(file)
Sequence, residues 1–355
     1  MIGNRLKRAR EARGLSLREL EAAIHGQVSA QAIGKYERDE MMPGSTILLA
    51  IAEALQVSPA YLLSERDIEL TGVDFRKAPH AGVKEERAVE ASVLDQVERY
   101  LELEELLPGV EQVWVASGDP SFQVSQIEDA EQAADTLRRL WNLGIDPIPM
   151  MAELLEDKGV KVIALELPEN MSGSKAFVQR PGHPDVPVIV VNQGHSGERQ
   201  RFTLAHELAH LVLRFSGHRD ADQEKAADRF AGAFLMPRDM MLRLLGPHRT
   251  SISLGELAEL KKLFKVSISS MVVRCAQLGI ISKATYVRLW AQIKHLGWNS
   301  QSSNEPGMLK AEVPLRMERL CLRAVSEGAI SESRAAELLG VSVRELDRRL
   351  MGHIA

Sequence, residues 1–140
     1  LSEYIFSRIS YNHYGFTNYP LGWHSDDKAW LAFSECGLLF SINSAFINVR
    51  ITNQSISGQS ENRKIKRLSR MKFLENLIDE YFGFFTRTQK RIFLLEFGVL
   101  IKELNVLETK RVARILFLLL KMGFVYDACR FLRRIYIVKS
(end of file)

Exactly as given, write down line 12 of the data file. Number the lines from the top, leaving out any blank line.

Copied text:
    51  ITNQSISGQS ENRKIKRLSR MKFLENLIDE YFGFFTRTQK RIFLLEFGVL